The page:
FIG. 4 depicts a cross section of the wall of the tube 40 produced in accordance with the process shown in FIG. 1. The embossments 42 in the intermediate ply 14 abut the adjacent ply 16. When the embossments 42 are spaced sufficiently close to one another, the ply 16 will tend not to deform into the spaces between the embossments but will instead be spaced from the regions of the ply 14 located between the embossments. As a result, void spaces 44 are formed in the tube wall between the plies 14 and 16 and between the embossments. Additionally, void spaces are also formed between the ply 12 and the ply 14 in the regions of the embossments 42 because of the corresponding depressions that exist in the inward-facing surface of the ply 14. Consequently, the effective caliper of the embossed ply 14 is greater than the caliper of the sheet material from which the embossed ply is made. As illustrated in FIG. 3, the effective caliper teff is essentially measured from the tops of the embossments 42 to the bottom surface of the ply 14 (although when incorporated into the tube, the effective caliper may be reduced somewhat as a result of the embossments being compressed and thereby shortened during the tube winding and forming process, as discussed further below). The effective volume of the embossed ply 14 thus is increased without any increase in mass of the ply.
The embossments can project from both sides of the ply, if desired. FIG. 5 shows an alternative embossed ply 14′ having embossments 42 (only one shown) projecting from one side of the ply and embossments 43 (only one shown) projecting from the opposite side of the ply. This type of embossing pattern may be effective in creating a greater amount of void space within the tube wall, relative to a ply having embossments from only one side.
The invention is applicable to tubes made from various types of materials, including paperboard, sheet metal such as aluminum or steel, and others. In the case of paperboard, embossing a dry paperboard ply could result in significant breakage of fibers in the region of the embossments, which may weaken the ply. Accordingly, it is preferred to emboss a paperboard ply using a process diagrammatically represented in FIG. 6. The ply 14 is first moistened in a moistening unit 50 to loosen the fiber bonds. The moistened ply is passed through an embosser, which may comprise a pair of opposed embossing rolls 52, 54 that form a nip through which the moistened ply is passed. The roll 52 defines a plurality of recesses or depressions in its outer surface, and the roll 54 has a plurality of corresponding projections that are in registration with the depressions in the roll 52 and are configured to deform localized regions of the moistened ply 14 into the depressions in the roll 52. After exiting the embosser, the ply 14 is dried in a dryer 56.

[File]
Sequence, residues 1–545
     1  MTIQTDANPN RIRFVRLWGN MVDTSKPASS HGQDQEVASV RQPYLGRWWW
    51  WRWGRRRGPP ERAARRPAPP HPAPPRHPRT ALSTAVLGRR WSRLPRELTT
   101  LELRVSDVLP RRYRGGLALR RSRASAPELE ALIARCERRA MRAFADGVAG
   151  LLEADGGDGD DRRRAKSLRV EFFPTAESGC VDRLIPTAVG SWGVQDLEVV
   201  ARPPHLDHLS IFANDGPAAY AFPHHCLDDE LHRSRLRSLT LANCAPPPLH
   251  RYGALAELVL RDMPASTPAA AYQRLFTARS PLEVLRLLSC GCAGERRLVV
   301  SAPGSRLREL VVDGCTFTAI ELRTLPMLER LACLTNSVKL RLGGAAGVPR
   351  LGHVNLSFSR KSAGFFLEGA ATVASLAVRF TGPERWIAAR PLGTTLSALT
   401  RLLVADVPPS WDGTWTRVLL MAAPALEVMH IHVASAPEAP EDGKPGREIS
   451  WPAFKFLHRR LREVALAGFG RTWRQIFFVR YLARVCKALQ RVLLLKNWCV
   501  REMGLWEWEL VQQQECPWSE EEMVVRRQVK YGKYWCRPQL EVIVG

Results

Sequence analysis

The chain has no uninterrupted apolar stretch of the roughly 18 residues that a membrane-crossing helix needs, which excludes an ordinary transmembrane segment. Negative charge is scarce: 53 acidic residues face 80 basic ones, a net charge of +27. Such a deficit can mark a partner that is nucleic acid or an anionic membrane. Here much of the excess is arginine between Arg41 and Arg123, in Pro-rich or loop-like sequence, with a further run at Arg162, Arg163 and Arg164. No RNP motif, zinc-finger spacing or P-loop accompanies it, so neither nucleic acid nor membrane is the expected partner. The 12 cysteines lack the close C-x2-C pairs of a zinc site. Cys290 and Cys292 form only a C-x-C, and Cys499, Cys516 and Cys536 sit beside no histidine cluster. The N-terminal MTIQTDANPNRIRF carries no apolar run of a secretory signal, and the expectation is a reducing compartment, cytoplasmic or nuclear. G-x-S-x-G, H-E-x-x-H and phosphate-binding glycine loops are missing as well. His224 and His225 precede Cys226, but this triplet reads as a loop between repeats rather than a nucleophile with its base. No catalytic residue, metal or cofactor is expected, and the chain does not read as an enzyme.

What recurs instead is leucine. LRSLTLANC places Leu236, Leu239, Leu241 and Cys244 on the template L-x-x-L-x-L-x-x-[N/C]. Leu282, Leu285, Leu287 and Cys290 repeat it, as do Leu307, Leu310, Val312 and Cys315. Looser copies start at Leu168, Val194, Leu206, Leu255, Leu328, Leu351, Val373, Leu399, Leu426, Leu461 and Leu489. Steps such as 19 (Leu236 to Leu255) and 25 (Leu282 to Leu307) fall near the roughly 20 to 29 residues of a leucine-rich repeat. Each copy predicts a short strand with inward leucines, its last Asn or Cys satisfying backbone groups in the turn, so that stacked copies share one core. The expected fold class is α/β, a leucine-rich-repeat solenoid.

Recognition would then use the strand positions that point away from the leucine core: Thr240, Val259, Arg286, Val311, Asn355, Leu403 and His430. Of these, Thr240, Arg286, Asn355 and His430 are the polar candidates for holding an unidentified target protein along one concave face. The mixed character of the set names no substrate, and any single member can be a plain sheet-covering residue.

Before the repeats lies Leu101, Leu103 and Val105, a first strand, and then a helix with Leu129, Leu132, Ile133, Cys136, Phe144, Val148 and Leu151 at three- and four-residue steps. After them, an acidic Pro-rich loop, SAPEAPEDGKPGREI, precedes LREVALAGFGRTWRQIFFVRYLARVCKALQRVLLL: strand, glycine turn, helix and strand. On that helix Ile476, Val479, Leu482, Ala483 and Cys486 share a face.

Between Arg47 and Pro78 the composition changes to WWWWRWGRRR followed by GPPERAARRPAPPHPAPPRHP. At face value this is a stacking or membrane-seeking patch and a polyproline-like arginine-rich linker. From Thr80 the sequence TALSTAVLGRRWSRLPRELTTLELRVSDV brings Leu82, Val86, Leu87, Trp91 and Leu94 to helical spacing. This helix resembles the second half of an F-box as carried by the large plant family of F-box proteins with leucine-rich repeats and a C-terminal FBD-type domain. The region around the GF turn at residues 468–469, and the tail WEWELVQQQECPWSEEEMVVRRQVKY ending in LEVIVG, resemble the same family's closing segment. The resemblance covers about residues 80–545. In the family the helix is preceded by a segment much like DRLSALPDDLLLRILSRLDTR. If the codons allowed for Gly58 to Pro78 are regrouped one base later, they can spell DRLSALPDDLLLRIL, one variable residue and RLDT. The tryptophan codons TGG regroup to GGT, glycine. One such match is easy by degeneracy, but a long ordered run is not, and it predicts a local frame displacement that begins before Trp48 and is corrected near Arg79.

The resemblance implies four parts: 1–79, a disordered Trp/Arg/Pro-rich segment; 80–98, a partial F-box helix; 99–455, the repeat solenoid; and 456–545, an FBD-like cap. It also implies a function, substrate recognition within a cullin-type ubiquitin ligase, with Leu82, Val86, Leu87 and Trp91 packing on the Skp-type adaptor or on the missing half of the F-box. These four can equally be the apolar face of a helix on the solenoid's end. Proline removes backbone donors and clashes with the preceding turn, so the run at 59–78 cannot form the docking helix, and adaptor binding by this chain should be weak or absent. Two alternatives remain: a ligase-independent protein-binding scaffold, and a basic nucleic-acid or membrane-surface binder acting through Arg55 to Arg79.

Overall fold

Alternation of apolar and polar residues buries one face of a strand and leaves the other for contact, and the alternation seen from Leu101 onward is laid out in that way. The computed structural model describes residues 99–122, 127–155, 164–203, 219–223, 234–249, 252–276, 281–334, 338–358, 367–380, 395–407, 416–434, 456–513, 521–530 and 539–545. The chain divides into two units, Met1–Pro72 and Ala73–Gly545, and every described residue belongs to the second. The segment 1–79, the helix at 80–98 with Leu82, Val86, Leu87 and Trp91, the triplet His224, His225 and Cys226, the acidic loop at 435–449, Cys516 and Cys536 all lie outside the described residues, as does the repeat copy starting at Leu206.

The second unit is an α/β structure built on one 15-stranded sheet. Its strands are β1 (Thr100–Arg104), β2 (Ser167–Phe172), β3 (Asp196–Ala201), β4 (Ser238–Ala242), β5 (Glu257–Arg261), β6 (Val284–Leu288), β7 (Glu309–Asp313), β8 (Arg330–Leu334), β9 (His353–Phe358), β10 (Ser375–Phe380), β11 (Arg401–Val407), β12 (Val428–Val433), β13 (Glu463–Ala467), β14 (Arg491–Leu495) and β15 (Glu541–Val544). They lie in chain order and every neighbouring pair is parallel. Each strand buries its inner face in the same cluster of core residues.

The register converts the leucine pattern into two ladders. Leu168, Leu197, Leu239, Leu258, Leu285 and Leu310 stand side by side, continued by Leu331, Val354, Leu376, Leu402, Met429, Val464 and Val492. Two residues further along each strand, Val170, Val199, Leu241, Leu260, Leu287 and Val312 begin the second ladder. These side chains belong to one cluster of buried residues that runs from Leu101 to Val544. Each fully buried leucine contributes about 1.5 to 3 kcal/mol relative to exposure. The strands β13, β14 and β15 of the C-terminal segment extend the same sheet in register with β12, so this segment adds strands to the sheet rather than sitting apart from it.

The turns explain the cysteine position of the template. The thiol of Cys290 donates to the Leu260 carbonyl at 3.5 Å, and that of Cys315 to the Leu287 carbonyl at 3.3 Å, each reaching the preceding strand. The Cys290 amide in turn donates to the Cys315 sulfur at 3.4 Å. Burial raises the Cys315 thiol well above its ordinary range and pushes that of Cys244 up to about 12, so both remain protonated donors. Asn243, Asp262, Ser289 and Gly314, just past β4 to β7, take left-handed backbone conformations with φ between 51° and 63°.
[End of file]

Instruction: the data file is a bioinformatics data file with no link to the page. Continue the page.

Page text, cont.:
The invention is not limited to tubes having a single embossed ply. FIG. 7 shows an alternative embodiment of a tube 60 having two embossed plies and four unembossed plies. More particularly, the tube wall has a radially inner region made up of two adjacent unembossed plies 62, 64. A radially intermediate region of the tube wall is made up of three plies, which comprise an inner embossed ply 66 that is adjacent the ply 64, a middle unembossed ply 68 immediately outward of and contiguous with the inner embossed ply 66, and an outer embossed ply 70 immediately outward of and contiguous with the ply 68. An outermost unembossed ply 72 is wound about the outer embossed ply 70. Thus, each embossed ply is sandwiched between two unembossed plies.